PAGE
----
frigilux's profile picture

Bill-- I've been reading your thread, too, mostly because your fix for the referenced dryer part was to slam it on the floor. Now that's ingenuity! 👏 

 

Anyway, if you are considering a Speed Queen purchase, I'd definitely go for the front-loader rather than the TL.  John (combo52) and The Other Eugene® (Lorainfurniture) give it their stamp of approval for reliability and (when needed) ease of service.  The reason I chose the top-loader had to do with the depth of the machine (only 28") and, primarily, the potential for noisy spins when a FL is installed on a wood floor.  I've been a staunch proponent of the FL format since 1987.  A revolving door of top-loaders (KitchenAid, Frigidaire, Frigidaire Immersion Care, SQ AWN542) also graced my laundry room as second machines for fun, but the daily driver was always a front-loader.

 

A GE front-load pair sits next to the SQs in the common laundry area and I've heard it in action a couple of times.  The owner always chooses the lowest spin speed, so it hasn't caused much of an uproar, but it's definitely louder during spins than my SQ TL.  Having said that, a FL SQ is probably in my future. The lack of an internal water heater---always a deal breaker for me in the past---is a moot point as the washer is, literally, connected to the hot water pipe leading out of the gas water heater. Water entering the washer is 150 degrees instantly. The SQ FL is only a bit deeper than the TL, so it shouldn't cramp the narrow passageway through the laundry area shown in the other thread.

 

If depth wasn't such an issue and if overhead cabinets didn't preclude putting them on pedestals, I'd get a Maytag Maxima 8200 set in a heartbeat. But since I already have a SQ dryer, superhot water is literally only a couple of inches away, and machine's depth (30-1/2") is acceptable, it only makes sense to go with a rear-control SQ FL...when the time comes.

 

 




This post was last edited 08/01/2017 at 06:17
Post# 951018 , Reply# 24   8/1/2017 at 05:54 by brucelucenta ()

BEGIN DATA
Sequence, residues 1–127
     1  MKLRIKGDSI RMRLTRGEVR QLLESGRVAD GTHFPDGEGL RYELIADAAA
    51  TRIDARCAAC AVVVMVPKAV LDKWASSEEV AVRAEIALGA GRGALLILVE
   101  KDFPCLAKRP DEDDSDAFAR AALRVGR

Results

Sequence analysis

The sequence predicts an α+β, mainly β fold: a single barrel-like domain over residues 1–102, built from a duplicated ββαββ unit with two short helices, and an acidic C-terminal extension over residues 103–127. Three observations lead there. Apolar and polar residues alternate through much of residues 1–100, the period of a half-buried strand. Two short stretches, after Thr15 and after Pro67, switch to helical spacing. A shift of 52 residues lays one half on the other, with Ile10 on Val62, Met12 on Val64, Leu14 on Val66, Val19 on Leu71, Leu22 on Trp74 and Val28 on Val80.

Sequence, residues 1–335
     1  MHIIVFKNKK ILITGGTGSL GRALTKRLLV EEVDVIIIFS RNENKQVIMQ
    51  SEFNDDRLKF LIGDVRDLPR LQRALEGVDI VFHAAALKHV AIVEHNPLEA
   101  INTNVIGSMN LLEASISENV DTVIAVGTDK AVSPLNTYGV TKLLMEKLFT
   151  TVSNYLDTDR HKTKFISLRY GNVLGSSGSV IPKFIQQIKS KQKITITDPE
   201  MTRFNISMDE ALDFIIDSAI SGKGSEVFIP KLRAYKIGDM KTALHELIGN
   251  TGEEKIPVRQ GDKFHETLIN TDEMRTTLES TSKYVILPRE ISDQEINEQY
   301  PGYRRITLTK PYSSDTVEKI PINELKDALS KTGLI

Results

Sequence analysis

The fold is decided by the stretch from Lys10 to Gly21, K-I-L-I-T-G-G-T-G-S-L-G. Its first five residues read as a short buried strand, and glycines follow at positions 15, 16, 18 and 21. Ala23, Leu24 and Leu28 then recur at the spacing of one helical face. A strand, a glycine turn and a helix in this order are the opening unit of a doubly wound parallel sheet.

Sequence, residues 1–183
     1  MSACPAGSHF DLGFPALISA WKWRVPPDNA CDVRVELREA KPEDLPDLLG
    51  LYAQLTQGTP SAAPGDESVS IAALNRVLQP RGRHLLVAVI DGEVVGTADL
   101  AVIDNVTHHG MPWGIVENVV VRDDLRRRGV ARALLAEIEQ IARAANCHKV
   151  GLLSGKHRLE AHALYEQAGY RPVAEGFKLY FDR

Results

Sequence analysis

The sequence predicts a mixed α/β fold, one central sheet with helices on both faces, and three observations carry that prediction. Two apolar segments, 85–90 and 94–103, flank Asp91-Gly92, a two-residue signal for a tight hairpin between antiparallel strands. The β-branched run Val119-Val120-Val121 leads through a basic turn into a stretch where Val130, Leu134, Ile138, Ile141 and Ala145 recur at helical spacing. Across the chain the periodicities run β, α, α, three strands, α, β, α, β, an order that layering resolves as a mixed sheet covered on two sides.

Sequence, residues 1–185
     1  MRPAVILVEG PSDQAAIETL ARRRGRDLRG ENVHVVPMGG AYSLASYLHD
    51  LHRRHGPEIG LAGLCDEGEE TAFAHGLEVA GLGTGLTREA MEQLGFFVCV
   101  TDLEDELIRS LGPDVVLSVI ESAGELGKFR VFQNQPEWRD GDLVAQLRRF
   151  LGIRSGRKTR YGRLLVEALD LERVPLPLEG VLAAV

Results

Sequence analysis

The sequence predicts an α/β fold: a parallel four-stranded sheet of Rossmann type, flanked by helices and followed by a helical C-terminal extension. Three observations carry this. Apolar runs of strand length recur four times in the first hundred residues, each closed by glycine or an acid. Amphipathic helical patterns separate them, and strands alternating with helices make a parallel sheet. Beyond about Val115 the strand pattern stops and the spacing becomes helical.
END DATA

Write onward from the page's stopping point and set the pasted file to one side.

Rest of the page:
Rubaducky

Now that I see what thermostat you are having to reset, it seems to me that you are having some kind of air flow problem causing this to kick off the thermostatic protector. Before going to the expense of buying new machines, try cleaning every bit of lint and build up from your dryer and the duct work that goes outside. It would almost HAVE to be restricted in some way for that to keep happening. Even if it is restricted partially it can cause this to happen. 99% of the time when a dryer is either slow in drying or has this kind of issue, it is because of air flow restriction. The type of dryer you have really is the best kind of dryer ever made.

Post# 951089 , Reply# 25   8/1/2017 at 12:38 by Rubaducky (Texas)        

@Frigilux. Thanks. Will definitely lean heavily toward the front loader side. Also, plan to research the maxima when time permits.

@Bruce. We purchased a new house last year and dryer was left in house. Can't speak to how it was maintained. I will say badly...as I removed 70 coins from the dryer during my first cleaning (sigh). But now, vent is new and clear. Dryer is spotless (no lint or buildup). Something must be shorting it out? I will check again probably this weekend, per combo's suggestions.

Thanks.


Post# 951099 , Reply# 26   8/1/2017 at 13:14 by Rubaducky (Texas)        

@Frigilux. Just curious, why hands down the maxima over top of line LG, or even the SQ FL....since your water heater connection makes the SQ lack of heater a nonissue? Thanks.

Post# 951100 , Reply# 27   8/1/2017 at 13:33 by brucelucenta ()        

Well, you didn't really ask me, but I will tell you anyway. Consumer reports does rate LG top in the way of reliability for front loaders. But that is not to say that the Whirlpool made Maytag front loader might not be better. They are good machines these days too. I tend to go with whatever I get the best deal on myself. As far as the dryer, it sounds like something is wrong with it, just don't know exactly what. From the symptoms it sounded like a blockage of air flow.

Post# 951161 , Reply# 28   8/1/2017 at 18:37 by Frigilux (The Minnesota Prairie)        

frigilux's profile picture
Why I'm a fan of the Maytag Maxima (model 8200 replaces 8100):

1) Capacity: 4.5 cu. ft. drum in a standard 27" wide footprint. Best bang for your footprint dollar.

2) Steam option boosts stain removal for large loads of heavily-stained kitchen whites.

3) 'Profile wash' when using Sanitize cycle. Water is gradually heated from warm to very hot, optimizing stain removal. Less prone to set protein-based stains than filling washer with very hot water right off the bat.

4) Very effective Power Wash cycle cleans the spots off a leopard.

5) Very effective Cold Wash cycle that mimics a vintage Kelvinator's 'Magic Minute.'

6) Quiet operation even at 1400 rpm spin speed (Note: New 8200 model has 1200 rpm max. spin speed.)

7) Automatically doses detergent (via refillable cartridge) tailored to water hardness, cycle, soil level selection.

8) Interior light on model 8100/8200 makes watching a well-lit event!

9) Styling. Love, love, love the look of the Maxima in dark gray color. No spongy control pads to press. Control panel is solid. A light touch against a solid surface activates selection.




Post# 951399 , Reply# 29   8/3/2017 at 07:34 by mark_wpduet (Lexington KY)